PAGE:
Conners et al. [27] consider a clinical assessment with a confidence index above 50% or two or more T-scores above 60. In this research, we used the second method (i.e. two or more T-scores >60) to identify clinical patterns since previous studies demonstrated that using only the confidence index was not suitable for identifying clinical respondents when the test is administered to children with neurodevelopmental diseases [29]. Therefore, we divided the children with MID into two subgroups based on their profiles obtained from the CPT-II (i.e. clinical vs. non- clinical patterns). Then, the same tests (WISC-IV, CPT-II & CBCL) were administered to an ADHD-I group of children equalized by chronological age with an MID group.


Data were analyzed with non-parametric statistics (Mann- Whitney U-test) because of the sample’s size (MID+ N=5; MID N=5; ADHD-I N=5). The differences between the MID and MID+ groups (Figure 1) are quite significant in the following measures: omission (U=1; z= -2.30; p=0. 012). hit RT (Std Error) (U=2.5; z=-2.09; p=0.018) and suggest for the measure variability (U=4; z= -1.67; p=0.047) an interesting trend, despite not statistically significant. Instead, the comparison between MID and MID+ on the measure hit RT (U=0.5; z= -2.40; p=0.008) obtain good statistically significant results.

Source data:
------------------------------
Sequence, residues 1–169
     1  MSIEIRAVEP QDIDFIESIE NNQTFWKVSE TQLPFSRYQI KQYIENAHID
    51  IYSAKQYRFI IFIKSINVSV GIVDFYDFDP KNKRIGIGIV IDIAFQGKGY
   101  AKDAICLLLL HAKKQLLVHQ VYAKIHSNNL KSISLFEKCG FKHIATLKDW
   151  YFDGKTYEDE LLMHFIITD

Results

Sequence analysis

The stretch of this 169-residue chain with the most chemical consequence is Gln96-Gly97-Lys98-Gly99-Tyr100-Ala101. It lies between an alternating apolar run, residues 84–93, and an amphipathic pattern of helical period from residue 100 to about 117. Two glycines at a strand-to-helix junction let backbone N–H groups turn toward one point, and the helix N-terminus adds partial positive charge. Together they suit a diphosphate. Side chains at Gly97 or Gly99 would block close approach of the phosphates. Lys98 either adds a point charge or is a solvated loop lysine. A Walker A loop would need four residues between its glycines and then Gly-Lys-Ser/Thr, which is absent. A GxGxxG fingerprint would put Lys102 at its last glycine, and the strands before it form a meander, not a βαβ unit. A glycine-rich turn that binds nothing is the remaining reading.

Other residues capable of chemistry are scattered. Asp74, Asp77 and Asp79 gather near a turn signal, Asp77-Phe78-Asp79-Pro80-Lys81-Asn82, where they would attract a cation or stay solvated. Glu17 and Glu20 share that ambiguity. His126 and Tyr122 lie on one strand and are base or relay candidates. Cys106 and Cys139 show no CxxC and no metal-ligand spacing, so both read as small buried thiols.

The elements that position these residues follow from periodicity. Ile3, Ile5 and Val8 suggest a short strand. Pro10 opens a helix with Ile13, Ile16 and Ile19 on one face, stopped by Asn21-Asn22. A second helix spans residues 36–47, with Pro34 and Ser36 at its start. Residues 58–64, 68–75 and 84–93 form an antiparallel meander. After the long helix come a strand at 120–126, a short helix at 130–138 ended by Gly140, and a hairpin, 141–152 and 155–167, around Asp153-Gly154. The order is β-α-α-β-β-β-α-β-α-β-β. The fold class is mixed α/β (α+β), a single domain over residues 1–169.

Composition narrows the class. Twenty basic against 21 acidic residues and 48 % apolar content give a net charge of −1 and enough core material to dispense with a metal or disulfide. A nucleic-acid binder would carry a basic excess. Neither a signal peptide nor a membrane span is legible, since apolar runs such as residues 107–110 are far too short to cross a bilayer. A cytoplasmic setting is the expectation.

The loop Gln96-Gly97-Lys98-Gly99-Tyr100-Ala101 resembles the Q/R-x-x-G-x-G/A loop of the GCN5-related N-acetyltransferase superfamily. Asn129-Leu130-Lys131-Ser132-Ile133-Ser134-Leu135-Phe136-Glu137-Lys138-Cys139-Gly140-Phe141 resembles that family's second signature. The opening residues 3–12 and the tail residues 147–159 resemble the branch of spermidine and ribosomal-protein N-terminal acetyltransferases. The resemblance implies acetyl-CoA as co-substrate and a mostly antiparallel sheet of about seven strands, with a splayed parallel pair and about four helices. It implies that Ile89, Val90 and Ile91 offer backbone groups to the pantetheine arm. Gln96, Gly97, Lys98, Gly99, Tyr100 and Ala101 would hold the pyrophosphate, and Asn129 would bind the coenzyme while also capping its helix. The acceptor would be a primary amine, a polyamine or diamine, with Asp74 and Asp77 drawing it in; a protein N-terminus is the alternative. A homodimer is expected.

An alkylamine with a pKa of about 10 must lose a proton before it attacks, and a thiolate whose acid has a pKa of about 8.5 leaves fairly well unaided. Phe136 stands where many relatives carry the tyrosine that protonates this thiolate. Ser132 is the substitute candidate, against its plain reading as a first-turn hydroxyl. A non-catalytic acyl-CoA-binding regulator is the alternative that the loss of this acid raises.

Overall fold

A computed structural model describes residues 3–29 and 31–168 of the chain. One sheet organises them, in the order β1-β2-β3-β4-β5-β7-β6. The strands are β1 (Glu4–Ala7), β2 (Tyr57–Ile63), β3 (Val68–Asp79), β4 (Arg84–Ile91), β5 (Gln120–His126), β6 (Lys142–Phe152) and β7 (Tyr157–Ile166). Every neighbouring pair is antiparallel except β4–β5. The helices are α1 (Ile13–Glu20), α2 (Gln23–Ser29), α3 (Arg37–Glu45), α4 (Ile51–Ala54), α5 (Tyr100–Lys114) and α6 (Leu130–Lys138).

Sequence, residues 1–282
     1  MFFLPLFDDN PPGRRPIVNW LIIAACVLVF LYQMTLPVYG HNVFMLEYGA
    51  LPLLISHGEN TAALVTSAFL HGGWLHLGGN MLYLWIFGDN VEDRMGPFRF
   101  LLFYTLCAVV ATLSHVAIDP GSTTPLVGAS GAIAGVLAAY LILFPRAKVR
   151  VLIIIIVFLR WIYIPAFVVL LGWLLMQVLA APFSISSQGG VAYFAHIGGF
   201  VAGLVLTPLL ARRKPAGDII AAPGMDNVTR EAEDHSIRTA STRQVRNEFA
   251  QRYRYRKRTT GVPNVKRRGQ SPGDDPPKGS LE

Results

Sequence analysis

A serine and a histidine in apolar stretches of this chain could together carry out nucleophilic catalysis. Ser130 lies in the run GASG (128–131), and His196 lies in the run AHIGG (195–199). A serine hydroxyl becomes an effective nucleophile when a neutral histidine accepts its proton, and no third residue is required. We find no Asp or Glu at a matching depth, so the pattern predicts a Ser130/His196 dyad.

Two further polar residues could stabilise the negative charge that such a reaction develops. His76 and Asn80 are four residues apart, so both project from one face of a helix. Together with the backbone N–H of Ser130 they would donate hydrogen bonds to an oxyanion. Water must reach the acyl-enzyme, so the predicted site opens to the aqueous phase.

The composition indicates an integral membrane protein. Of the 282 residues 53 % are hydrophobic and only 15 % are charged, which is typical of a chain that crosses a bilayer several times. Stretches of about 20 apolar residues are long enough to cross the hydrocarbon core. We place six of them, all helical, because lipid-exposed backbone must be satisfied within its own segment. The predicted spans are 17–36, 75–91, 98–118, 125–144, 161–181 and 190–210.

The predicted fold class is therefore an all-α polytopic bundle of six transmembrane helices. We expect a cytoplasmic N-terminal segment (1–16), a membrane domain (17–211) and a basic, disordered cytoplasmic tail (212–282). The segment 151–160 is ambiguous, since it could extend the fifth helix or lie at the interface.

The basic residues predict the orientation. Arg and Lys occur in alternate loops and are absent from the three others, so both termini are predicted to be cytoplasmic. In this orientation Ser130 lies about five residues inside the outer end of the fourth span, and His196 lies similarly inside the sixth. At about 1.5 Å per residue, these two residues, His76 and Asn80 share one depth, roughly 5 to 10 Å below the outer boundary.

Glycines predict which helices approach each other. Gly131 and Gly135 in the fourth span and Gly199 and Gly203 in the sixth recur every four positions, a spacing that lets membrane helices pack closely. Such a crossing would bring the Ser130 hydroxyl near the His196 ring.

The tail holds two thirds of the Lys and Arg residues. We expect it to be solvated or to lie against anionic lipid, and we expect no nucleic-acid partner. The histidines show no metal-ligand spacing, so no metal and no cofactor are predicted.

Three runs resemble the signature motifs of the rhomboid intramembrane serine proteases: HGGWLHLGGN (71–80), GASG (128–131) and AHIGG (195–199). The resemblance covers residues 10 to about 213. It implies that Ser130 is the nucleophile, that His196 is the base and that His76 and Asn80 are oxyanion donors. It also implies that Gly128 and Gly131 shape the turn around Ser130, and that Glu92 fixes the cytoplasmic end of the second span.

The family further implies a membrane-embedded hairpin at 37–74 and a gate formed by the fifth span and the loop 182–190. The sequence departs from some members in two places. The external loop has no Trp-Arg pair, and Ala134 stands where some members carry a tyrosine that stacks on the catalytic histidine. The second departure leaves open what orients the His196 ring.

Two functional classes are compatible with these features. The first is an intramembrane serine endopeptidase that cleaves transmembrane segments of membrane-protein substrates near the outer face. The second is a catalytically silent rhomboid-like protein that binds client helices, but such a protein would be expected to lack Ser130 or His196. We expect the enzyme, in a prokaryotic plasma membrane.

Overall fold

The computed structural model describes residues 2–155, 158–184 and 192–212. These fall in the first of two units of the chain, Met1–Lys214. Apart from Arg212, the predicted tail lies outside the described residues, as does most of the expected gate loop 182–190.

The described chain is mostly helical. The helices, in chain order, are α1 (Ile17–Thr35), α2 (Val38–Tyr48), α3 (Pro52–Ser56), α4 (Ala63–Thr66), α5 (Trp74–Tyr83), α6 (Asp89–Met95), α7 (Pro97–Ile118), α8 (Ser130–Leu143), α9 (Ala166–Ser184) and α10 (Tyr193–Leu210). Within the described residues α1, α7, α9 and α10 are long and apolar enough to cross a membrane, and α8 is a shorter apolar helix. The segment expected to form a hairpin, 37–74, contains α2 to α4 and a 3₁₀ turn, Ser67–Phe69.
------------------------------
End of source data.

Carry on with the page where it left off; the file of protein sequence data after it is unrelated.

Figure 1: Data distribution of CPT-II significant measures. Comparison between the groups MID vs. MID+ and MID vs. ADHD are reported.

Overall the MID group had better performances (vs. MID+), which fits with the performances of a typical population paired by chronological age.

Moreover, MID and MID+ are quite different even in several psychopathological clusters of CBCL 6-18 (Figure 2): thought problem (U=2; z=2.09; p=0.018); attention problem (U=4; z= -1.67; p=0.047) and ADHD (DSM-IV oriented) (U=4; z= -1.67; p=0.047). The ADHD-I group also had a lower score than the MID on the CPT-II (Figure 1): omission (U=0; z= -2.51; p=0.006); hit RT (U=2; z= -2.19; p=0.014); hit RT (Std Error) (U=0; z= -2.51; p=0.006); variability (U=0; z= -2.51; p=0.006) and in CBCL 6-18 (Figure 2): attention problem (U=4.5; z= -1.57; p=0.058); ADHD (DSM-IV oriented) (U=3.5; z= -1.78; p=0.037). However, there are no differences between the groups (ADHD-I vs. MID) on the thought problem scale (CBCL 6-18), and the only indicator in which the ADHD-I group obtained better scores was on social problem (U=3.5; z= -1.78; p=0. 037).


Figure 2: Data distribution of CBCL 6-18 significant measures. Comparison between the groups MID vs. MID+ and MID vs. ADHD are reported.